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PB77: Why Millennials Face the Scariest Financial Future Since the Great Depression ft. Michael Hobbes

Paychecks & Balances is joined by Michael Hobbes (@RottenInDenmark), author of that viral story you should have already read but just in case you didn’t now you can listen to us talk about it, Millennials Are Screwed: Why millennials are facing the scariest financial future of any generation since the Great Depression. Even Generation X and the Boomers receive honorable mentions this week. See ladies and gentlemen of generations past? Gone, but not forgotten! Armed with Michael’s 8-plus months of research you’ll have the evidence-based facts you needed to throw in the next person’s face that inaccurately says Millennials (ages 18-35) have it “easy” based on their cursory reading of clickbait headlines and reimagined facts made-up from biased opinions.

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We cover a lot on this one but it comes with a happy ending! A non-exhaustive breakdown of the topics covered:

The Surprising (Depressing?) Facts

  • Over 40-percent of Millennials are now mothers.
  • 1 in 5 Millennials lives in poverty.
  • On average, Millennials have 300% more debt than our parents and would need to work 4,000+ more hours to pay for our college educations compared to Boomers.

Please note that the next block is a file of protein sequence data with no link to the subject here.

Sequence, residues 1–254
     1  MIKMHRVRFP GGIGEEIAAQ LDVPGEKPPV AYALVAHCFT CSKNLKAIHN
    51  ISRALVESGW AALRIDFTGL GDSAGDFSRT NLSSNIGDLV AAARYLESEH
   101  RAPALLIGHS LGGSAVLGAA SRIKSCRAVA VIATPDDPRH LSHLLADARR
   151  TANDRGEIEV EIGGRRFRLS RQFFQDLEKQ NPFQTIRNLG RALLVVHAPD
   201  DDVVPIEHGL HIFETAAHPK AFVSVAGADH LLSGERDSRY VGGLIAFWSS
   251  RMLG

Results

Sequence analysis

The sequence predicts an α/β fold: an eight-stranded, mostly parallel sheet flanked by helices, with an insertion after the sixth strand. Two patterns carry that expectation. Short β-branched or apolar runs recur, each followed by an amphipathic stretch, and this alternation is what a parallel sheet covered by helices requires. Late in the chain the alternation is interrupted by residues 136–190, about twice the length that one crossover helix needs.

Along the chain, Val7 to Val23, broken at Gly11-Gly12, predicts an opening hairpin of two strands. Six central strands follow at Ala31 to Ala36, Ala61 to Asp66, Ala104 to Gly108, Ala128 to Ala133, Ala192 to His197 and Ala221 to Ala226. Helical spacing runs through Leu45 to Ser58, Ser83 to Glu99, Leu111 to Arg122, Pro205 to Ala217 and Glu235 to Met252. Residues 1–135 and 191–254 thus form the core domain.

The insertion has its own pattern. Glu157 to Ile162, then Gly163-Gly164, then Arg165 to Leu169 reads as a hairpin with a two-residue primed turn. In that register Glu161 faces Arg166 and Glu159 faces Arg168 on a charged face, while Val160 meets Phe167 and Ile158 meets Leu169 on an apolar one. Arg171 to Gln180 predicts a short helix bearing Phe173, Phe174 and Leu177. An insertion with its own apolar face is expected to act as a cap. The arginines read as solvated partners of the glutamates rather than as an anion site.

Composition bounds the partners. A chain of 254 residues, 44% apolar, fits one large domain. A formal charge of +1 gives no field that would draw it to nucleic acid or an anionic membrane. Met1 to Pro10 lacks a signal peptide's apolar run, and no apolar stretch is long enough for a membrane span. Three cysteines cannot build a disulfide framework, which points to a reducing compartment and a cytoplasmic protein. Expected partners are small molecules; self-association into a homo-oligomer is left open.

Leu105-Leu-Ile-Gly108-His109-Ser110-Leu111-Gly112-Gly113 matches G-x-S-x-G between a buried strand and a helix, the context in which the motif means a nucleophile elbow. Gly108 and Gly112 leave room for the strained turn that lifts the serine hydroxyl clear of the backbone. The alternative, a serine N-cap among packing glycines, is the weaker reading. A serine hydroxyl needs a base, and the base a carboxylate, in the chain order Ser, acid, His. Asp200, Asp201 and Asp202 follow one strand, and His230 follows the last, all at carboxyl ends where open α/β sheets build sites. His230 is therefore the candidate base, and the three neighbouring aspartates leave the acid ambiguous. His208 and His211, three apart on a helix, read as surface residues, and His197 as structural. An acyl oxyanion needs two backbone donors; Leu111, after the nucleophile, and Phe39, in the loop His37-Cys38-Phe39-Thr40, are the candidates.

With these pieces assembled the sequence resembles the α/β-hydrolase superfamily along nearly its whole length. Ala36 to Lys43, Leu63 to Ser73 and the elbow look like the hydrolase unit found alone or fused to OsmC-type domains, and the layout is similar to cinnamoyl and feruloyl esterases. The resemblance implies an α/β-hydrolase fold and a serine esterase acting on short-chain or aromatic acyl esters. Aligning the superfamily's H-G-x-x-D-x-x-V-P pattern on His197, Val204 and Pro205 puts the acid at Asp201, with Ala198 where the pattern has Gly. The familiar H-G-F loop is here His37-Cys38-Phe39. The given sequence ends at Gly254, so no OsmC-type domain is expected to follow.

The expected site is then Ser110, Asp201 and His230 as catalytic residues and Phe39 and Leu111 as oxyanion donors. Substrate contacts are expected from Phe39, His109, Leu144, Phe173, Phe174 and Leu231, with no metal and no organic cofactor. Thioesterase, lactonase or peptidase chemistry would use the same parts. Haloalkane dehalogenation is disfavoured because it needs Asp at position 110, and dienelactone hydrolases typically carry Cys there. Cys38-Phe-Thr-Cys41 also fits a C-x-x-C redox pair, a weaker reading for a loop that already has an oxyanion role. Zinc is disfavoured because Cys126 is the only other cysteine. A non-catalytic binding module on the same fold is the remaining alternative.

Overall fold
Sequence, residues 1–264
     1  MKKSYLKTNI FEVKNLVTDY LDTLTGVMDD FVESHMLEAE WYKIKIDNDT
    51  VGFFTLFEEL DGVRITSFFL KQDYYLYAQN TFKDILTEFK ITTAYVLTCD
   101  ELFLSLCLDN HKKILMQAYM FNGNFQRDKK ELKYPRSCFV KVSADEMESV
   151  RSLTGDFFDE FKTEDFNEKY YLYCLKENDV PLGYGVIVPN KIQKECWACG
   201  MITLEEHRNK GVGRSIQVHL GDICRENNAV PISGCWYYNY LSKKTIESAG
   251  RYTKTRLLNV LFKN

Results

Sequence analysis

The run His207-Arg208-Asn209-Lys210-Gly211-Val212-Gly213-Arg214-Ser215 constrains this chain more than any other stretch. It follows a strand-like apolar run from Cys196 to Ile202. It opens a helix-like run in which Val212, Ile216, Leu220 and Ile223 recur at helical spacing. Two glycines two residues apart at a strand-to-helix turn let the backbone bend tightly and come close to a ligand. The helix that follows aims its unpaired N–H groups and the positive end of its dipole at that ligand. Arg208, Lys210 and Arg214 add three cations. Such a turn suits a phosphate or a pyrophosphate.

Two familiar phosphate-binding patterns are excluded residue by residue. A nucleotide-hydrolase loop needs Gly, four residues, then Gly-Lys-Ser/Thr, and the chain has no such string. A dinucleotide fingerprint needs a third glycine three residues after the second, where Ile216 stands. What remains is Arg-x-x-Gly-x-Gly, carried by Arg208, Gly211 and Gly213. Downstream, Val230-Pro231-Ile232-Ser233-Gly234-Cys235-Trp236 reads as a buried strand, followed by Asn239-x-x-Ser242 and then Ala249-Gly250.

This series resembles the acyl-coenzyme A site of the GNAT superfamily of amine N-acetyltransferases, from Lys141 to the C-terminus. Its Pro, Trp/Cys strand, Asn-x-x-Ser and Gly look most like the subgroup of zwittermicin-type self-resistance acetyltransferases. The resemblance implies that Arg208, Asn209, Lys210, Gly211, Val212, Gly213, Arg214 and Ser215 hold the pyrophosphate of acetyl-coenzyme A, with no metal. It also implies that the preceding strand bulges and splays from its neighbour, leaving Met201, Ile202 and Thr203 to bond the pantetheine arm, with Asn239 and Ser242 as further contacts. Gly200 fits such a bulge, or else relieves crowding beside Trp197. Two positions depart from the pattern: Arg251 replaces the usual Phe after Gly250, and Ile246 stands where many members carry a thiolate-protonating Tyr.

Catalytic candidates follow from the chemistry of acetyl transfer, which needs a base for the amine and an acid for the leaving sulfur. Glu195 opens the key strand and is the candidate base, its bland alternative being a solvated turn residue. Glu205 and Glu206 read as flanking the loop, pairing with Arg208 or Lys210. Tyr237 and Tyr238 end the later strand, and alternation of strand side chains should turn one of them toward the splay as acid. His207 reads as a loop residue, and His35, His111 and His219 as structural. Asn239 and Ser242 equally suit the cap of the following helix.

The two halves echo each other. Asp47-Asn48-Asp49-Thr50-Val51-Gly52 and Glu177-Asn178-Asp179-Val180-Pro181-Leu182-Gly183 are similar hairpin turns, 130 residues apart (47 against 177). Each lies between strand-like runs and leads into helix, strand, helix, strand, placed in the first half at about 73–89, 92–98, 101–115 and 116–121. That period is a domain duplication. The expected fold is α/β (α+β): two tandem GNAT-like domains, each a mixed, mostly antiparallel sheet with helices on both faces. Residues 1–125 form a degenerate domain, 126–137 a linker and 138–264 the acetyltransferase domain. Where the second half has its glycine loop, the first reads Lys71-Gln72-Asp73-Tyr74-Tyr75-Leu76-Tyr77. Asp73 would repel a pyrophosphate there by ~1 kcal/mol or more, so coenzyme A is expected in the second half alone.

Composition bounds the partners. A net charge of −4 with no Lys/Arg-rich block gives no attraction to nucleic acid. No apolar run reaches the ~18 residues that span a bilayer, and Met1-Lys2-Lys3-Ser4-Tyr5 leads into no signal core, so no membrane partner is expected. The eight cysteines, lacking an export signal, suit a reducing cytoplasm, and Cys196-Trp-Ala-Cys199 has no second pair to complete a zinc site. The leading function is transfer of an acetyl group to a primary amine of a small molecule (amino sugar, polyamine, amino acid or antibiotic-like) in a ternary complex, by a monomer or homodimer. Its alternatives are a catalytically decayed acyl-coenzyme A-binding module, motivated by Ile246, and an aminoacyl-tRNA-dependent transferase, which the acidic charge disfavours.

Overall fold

• In 2007, more than 50 percent of college graduates had a job offer lined up. For the class of 2009, job offers were solidified for fewer than 20 percent.
  • Over 60-percent of Millennials don’t have a college degree.
  • According to one analysis, Millennials won’t be able to retire until age 75 (Note: the average lifespan is currently only 78).
  • On average, Boomers could expect a 6.3% average annual stock return; while Millennials may be forecasted to see as low as 2.9% in their lifetime.

The Solutions

  • Focusing on the “local level” solutions in your city and state
  • Establishing laws that give workers more leverage against companies that treat them as if they’re disposable.
  • Attach benefits to work instead of jobs (i.e. For every hour you work, your boss chips into a fund that pays out when you get sick, pregnant, old or fired. The fund follows you from job to job, and companies have to contribute to it whether you work there a day, a month or a year.)
  • Establish equity of pay (and risks) for employees versus contractors to slow employers rush to contract everyone and everything out just because it’s cheaper and more profitable

References Mentioned in this Show



This is our last episode of 2017! We’ll see you all on the other side. Have a Merry Christmas, Happy Hunnakuh, Festive Kwanzaa or joyful holiday season, and a happy and safe New Year!

We’ve partnered with NerdWallet for all your personal finance needs at PaychecksAndBalances.com/Tools!

Check out our feature on NBCNEWS.com: Self-taught financial advisers keep it real about money management by writer Mashaun D. Simon

Shout-out to XO Necole for naming us among 11 other great podcasts: 12 Podcasts For Women Trying To Glow Up In 2018

Watch Now: Marcus’ appeared on a CBS News CBSN panel: Your Money Matters covering debt, student loans, and more! Watch the playback at PaychecksAndBalances.com/CBSNOW

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One Comment

  1. Most people in their 20s and 30s will be working for life. Retirement isn’t even a real thing for us unless you have some California state pension that pays 80% of your salary for life (or if you’re a CEO). Best advice is get a job you enjoy, with a company that treats you well, and have fun until you die. Saving for retirement is basically saving for your funeral party

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